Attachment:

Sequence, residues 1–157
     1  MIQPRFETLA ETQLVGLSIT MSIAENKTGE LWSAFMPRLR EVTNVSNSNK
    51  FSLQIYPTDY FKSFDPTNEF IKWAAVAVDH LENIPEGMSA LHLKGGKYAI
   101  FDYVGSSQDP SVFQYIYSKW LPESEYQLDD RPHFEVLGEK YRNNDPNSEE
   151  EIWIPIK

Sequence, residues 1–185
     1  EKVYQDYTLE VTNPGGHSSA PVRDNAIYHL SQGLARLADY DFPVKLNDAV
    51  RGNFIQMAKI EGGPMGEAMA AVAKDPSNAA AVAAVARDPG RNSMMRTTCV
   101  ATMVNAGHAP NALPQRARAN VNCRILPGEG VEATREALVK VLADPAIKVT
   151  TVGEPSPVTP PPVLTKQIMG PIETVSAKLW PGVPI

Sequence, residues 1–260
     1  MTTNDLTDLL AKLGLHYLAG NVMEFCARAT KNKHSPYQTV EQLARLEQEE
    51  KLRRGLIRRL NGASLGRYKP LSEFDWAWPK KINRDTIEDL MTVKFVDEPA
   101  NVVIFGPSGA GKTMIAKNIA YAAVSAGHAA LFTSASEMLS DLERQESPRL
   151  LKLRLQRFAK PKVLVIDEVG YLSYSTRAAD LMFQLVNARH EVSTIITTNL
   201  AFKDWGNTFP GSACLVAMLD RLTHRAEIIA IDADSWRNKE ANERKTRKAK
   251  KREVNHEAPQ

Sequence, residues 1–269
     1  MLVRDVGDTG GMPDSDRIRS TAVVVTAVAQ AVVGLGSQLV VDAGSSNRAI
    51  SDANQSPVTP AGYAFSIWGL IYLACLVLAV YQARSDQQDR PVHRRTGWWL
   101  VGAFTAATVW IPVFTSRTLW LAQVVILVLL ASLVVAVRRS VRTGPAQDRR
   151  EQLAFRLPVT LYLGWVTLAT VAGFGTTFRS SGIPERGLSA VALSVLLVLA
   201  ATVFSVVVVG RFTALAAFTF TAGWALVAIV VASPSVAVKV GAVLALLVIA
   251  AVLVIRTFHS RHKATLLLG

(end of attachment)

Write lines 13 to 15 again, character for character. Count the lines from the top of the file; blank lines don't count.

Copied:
    51  KLRRGLIRRL NGASLGRYKP LSEFDWAWPK KINRDTIEDL MTVKFVDEPA
   101  NVVIFGPSGA GKTMIAKNIA YAAVSAGHAA LFTSASEMLS DLERQESPRL
   151  LKLRLQRFAK PKVLVIDEVG YLSYSTRAAD LMFQLVNARH EVSTIITTNL